clients look in the mirror temporarily, can sacrifice the clients health and well-being in the
long run. So rather than focusing soley on body
composition as an outcome, its incumbent on
you to also focus on improving a clients health
and performance as well. Therefore, the strategies you employ should be those that also act to
reduce blood lipids, increase insulin sensitivity,
reduce diabetes risk, increase good cholesterol,
reduce body fat percentage, and increase lean
body mass. In addition to boosting health and
body composition, recommendations should
also be in place to help your clients improve performance, regardless of
whether theyre elite athletes or people who only watch such athletes on TV.
This means targeting everything from improved energy levels, stamina, and
the like to working toward improvements in athletic performance at the elite,
world-class level; it all depends on your clients goals and activities.

ergogenic: Physical or mental performance-enhancing


While there is a lot of overlap herefor example, if someone begins to look

better, they should also begin to feel better and perform betterthe overlap
isnt all-inclusive. As mentioned above, some plans help folks lose weight in a
hurry while sacrificing their health and performance. Similarly, there are a lot
of programs out there that cater to the I just want to be healthy market.
And while some of these approaches (calorie restriction, the avoidance of certain foods, and high doses of certain vitamins, for instance) can improve one
or two indicators of health, many actually degrade a host of other health
markers. Finally, there are a lot of programs out there designed to improve
performance but that include such components as powerful ergogenic (performance-enhancing) drugs, crash dieting, diuretics to shed weight for competition, unresearched nutritional supplements, and more. And while these
approaches might improve performance acutely, they often lead to a degrada-





Body Composition

Figure I.2 Good nutrition resides in the intersection between health, performance, and body composition.

tion of health, something counterproductive to

long-term performance.
In the end, I hope you can see that a strict focus on
any one of the goals above, to the exclusion of the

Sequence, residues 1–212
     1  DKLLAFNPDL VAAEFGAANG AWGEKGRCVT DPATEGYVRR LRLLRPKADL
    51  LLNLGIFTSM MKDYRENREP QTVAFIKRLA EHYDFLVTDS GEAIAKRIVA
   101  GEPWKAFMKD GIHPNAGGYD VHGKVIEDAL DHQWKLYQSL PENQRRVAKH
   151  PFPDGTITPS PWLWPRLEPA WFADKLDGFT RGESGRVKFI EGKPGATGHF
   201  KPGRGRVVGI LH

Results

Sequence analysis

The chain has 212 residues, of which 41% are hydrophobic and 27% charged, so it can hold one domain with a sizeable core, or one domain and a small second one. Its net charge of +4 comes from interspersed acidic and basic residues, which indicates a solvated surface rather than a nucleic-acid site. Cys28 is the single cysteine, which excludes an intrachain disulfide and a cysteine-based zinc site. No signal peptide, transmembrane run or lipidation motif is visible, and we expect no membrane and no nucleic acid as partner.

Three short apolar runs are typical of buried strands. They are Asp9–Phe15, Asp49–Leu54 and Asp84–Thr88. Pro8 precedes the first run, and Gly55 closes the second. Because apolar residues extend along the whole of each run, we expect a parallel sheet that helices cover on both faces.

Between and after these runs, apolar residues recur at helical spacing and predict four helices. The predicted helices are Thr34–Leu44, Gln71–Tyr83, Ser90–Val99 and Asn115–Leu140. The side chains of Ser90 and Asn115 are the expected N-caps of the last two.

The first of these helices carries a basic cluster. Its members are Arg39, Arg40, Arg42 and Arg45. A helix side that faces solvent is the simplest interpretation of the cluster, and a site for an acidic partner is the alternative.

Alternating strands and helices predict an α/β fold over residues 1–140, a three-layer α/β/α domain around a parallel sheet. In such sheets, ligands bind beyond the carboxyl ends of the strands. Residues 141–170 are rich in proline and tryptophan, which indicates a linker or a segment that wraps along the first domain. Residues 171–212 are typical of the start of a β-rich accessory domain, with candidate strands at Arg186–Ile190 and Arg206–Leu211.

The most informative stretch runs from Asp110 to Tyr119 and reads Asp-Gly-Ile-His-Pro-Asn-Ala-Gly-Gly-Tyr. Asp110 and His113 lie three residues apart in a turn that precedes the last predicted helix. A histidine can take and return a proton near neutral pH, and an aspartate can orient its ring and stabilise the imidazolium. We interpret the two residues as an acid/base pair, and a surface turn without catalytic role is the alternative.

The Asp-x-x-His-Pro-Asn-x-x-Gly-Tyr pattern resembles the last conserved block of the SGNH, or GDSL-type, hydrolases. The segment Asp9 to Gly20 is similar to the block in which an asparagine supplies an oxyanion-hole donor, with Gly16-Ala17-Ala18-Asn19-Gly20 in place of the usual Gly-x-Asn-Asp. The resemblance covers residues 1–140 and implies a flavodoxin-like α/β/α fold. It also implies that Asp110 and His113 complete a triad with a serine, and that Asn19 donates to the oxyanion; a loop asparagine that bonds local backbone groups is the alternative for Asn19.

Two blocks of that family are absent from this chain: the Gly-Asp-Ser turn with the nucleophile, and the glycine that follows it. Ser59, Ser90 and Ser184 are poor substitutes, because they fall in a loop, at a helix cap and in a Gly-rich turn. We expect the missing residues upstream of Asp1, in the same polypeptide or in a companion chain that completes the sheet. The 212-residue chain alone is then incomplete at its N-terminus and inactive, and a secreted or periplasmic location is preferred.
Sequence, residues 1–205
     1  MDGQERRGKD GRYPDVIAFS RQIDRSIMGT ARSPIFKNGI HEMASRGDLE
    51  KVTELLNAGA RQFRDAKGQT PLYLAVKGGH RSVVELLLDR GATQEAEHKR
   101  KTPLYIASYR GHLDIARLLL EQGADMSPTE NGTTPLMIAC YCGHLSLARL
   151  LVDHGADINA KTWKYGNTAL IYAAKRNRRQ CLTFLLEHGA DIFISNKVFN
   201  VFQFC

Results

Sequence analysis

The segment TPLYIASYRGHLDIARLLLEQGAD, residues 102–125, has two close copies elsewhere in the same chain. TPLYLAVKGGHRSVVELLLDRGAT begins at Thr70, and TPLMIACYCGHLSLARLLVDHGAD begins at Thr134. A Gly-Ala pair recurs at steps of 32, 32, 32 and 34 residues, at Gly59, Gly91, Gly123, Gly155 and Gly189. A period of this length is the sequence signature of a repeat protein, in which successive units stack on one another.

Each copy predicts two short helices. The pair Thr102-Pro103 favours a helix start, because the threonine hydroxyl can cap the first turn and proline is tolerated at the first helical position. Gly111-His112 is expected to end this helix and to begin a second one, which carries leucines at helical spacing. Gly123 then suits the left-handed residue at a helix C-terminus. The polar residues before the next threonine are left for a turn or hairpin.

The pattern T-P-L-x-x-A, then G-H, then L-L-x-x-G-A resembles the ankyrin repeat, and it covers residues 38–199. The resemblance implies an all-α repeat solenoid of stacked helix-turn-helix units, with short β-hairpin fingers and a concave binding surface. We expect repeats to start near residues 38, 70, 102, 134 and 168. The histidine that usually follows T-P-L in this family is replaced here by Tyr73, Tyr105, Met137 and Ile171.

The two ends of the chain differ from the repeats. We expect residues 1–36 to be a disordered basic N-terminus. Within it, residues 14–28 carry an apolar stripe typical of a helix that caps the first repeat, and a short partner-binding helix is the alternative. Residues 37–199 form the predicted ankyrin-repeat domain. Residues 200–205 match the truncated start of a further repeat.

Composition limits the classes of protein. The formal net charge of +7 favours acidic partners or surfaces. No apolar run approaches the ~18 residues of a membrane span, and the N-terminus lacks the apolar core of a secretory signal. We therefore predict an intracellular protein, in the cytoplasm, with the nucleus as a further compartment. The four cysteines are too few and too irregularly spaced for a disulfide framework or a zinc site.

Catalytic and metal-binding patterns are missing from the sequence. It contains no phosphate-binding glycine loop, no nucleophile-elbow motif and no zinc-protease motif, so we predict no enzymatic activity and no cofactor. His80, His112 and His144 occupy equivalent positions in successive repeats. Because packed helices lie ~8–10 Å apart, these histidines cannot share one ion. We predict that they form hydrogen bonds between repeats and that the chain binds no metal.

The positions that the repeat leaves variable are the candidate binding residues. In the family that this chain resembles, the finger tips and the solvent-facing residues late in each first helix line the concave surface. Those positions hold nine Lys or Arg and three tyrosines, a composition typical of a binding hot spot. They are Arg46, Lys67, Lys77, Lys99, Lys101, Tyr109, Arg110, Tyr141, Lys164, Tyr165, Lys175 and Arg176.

others, can lead to problems. In other words, an
excessively single-minded focus on performance or
weight loss or health might, in some cases, actually produce negative, long-term consequences. And
its your job to prevent this type of coaching gone
bad. Your focus should be on a nutrition plan that
improves the way your clients look, improves the
way they feel, and improves the way they perform.
To ensure you stay on track, a host of metrics (questionnaires and assessments) are provided later on in
this manual. These metrics will help you keep an eye
on each of these three important variables, making
sure that each area is looked after properly.


While we know that good nutrition controls energy
balance, boosts nutrient intake, and targets health
goals, body composition goals, and performance
goals, we must also be honest about whether or not
it hits the mark. After all, how many times have you
heard the following:
I eat really well, but . . . Im still 20
pounds overweight.
My diet is perfect, but . . . I often feel
sluggish and have a low level of energy.
I make good nutritional choices, but . . .
Ive got high blood pressure, high cholesterol, and type II diabetes.

International Sports Sciences Association

Table I.2
Food Group Servings: Perceived, Average Daily Consumed, and Recommended by Age Group

Females 19-24
Females 25-50
Females 51+
Males 19-24
Males 25-50
Males 51+






Meat, etc.





































(fats, oils, sweets)

* Recommended servings based on energy RDA for gender/age groups.


Is it possible that someone can eat really well and

have a perfect diet yet be overweight, low in energy,
and have a host of lifestyle-related diseases? Sure, its
possible, but its not likely. In other words, most people who believe theyre doing a good job, yet dont
have the physique or the health profiles to show for
it, simply arent. They either have a good plan that
theyre not executing. Or their plan isnt very good.
Of course, as someone committed to finding limiting
factors and removing them, its your job to help your
clients improve both their plan and their execution.
So make sure that you help your clients remain honest and outcome-based in their approach.
Table I.2 is a great example of how, psychologically,

we can be dishonest with ourselves, whether we

intend to be so or not. In the table, a research study
is described in which researchers compared how
many servings of each of the major food groups
study participants thought they had eaten each day
(perceived) and how many servings of the major
food groups they actually ate (consumed). Notice
how people in every age group erroneously reported
their intake. Indeed, their perceptions did not always
reflect reality.
In reviewing these data, its clear that in all age categories, both men and women ate more grains, fats,
oils, and sweets than they thought they had eaten.
They also ate less fruits, veggies, milk, and meat than


they thought they had eaten. In other words, they ate more carbs, fat, and junk